Saturday, October 17, 2015

Basic Survival Battery on a Shoestring

Survivalblog posted an article called "Shooting on a Shoestring", rehashing the same old, mainstream recommendations for a basic battery that anyone who has ever read one of the multitude of articles on the subject can recite in their sleep.
If the recommendations in the article were sound there would be no need for the article because a complete neophyte who has never before owned a gun nor set foot inside a gunstore could walk into their local emporium and simply buy the centerfire rifle, .22 rifle, shotgun, centerfire handgun, and .22 handgun that elicits a glimmer of name or visual recognition, and he or she would end up with the battery universally proclaimed in most of these articles as the best. If our intrepid gun buyer were to become stumped on one choice, the nearest gunshop empoyee would quickly put him back on the path of right and true.
Allow me a moment to critique the statements in the article.

"If advertising guns is unrestricted in your state, then pick up a local "shopper" advertising paper and/or check out the classifieds in the local newspapers."

 "A couple of thoughts about “paperwork” – the forms you fill out and the info you give whenever you buy a gun at a gun store. First, the government tells us that the info you give to get their permission to buy the gun (the instant criminal background check) is required by law to be destroyed.  Maybe they do, maybe they don’t – either way, you give them the info, fill out the Form 4473 and register yourself. The 4473 has to be surrendered to BATFE on demand, or when the store goes out of business."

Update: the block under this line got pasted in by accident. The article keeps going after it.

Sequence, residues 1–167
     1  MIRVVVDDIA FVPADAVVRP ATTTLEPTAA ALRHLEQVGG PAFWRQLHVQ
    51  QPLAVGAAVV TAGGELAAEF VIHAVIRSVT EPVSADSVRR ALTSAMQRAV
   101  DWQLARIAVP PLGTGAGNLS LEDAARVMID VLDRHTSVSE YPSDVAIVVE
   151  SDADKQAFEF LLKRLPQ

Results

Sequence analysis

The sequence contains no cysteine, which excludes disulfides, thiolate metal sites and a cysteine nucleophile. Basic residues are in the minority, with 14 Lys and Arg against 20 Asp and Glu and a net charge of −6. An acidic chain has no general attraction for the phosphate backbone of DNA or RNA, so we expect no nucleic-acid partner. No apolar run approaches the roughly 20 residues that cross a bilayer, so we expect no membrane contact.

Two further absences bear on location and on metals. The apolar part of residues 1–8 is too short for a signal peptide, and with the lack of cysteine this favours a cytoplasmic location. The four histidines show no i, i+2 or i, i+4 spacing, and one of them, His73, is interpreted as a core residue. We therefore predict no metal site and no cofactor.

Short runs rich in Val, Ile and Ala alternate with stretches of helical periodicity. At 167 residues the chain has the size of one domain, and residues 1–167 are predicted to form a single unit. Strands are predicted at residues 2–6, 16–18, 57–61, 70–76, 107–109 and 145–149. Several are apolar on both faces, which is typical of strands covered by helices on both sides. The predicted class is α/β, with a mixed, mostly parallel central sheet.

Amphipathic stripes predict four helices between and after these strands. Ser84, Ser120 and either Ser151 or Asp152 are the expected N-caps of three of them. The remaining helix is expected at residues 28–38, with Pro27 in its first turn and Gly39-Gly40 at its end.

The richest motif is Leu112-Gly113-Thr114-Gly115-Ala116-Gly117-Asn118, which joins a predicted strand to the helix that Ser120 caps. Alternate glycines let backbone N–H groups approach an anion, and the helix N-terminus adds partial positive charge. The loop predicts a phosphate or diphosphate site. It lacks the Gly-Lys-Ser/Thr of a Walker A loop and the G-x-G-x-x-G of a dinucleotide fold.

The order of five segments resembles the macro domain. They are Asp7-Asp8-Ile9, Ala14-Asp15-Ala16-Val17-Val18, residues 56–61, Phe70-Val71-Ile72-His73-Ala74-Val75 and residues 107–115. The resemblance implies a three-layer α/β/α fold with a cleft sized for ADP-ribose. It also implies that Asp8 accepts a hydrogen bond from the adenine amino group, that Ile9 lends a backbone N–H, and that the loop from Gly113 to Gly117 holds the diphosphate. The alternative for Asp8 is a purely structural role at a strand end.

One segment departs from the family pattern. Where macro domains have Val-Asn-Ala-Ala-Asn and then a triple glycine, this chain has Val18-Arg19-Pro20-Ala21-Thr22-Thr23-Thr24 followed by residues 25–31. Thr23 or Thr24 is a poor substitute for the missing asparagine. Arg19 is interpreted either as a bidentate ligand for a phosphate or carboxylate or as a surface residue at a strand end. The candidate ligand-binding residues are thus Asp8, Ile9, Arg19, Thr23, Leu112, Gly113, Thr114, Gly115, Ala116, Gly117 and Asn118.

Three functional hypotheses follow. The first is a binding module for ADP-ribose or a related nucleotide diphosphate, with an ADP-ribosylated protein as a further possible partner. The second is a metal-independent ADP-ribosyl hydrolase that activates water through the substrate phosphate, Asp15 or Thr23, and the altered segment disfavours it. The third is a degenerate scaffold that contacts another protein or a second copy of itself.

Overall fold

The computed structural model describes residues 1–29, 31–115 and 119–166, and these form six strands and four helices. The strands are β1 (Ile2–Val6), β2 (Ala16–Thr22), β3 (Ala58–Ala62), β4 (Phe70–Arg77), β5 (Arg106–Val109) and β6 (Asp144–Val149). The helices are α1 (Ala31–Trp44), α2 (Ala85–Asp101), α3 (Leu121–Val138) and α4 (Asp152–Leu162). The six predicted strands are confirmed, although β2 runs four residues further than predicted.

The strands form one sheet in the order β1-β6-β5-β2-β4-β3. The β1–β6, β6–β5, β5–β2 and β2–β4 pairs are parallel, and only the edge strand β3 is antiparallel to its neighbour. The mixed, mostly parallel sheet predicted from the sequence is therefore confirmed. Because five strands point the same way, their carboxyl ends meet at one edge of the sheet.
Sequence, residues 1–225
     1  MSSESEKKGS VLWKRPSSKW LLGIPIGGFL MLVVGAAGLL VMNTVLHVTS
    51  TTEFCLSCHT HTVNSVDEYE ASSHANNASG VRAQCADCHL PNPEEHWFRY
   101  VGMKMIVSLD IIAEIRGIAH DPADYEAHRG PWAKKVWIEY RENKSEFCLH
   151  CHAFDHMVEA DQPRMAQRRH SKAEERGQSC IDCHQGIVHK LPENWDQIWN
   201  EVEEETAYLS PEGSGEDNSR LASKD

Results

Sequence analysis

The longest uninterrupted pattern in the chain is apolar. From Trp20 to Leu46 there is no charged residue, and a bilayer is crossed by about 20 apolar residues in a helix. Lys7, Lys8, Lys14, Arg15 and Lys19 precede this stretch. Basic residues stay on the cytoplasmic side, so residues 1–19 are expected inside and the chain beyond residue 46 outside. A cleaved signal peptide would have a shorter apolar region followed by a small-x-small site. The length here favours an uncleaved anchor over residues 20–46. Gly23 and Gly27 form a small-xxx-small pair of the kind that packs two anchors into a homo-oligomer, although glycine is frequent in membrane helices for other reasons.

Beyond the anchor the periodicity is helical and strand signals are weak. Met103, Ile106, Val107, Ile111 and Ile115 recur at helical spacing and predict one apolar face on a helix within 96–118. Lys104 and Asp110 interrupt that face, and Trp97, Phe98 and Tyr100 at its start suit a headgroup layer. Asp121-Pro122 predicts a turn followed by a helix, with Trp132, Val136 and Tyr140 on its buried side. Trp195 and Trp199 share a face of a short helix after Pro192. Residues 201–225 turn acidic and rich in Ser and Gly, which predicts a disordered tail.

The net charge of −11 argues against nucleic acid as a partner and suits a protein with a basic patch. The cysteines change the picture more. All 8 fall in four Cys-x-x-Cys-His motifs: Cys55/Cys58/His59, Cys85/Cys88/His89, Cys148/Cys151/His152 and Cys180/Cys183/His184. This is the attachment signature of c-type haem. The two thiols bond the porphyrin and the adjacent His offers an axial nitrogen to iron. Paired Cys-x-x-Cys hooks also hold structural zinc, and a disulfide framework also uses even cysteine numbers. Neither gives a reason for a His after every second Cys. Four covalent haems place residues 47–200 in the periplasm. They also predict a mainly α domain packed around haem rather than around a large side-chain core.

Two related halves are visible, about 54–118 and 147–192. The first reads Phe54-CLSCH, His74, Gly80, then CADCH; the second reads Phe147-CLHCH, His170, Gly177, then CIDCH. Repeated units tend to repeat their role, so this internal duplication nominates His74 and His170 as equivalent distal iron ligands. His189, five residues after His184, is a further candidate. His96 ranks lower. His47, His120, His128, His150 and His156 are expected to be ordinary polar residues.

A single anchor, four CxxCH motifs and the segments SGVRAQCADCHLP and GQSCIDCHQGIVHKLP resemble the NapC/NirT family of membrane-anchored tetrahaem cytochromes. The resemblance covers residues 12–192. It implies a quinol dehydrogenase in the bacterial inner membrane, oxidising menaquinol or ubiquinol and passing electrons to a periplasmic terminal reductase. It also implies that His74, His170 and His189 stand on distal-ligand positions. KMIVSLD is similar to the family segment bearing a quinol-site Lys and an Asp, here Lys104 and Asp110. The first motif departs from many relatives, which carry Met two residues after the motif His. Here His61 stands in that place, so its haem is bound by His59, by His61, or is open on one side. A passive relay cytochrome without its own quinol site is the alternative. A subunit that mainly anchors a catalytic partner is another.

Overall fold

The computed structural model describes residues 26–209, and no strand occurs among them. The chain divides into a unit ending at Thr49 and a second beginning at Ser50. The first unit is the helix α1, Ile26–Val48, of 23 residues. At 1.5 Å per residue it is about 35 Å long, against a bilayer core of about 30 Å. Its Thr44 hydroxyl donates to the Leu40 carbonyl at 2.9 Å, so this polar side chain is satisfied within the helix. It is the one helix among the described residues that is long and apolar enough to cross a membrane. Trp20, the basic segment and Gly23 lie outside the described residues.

This is true as far as it goes, and buying from an individual (where legal) does bypass that process. But what happens if that gun you bought used has a, shall we say, "checkered" past? If the gun ever happens to come within the sphere of influence of a cop for any reason and he knows about it, he will certainly "run the numbers" on it. If it comes up as a "gun of interest", you are now a person of interest. If you bought it from a gunstore, new or used, you have a built-in defense against anything that may have happened with the gun before you bought it.
Besides all that, how do we best retain our right to keep and bear arms: by buying them off the books, or by buying as many as possible on the books, so elected officials can see that a huge percentage of the voting public are buying guns?

"...there’s something inspiring about the sound of a 12 gauge racking a round into the chamber."

How many times has this been repeated? If there is an intruder in my home, I want my weapon locked, loaded, and pointed in his direction before he knows I am there. The thing is, if he is armed, he may just turn and shoot at the sound, instead of soiling himself and running. I do agree that a reliable pump action is a good choice for a basic battery. Don't trick it out to the point that it is only usable for defense though, because a shotgun is also a great choice for subsistence hunting as well as dealing with problem animals around the homestead or BOL (bugout location).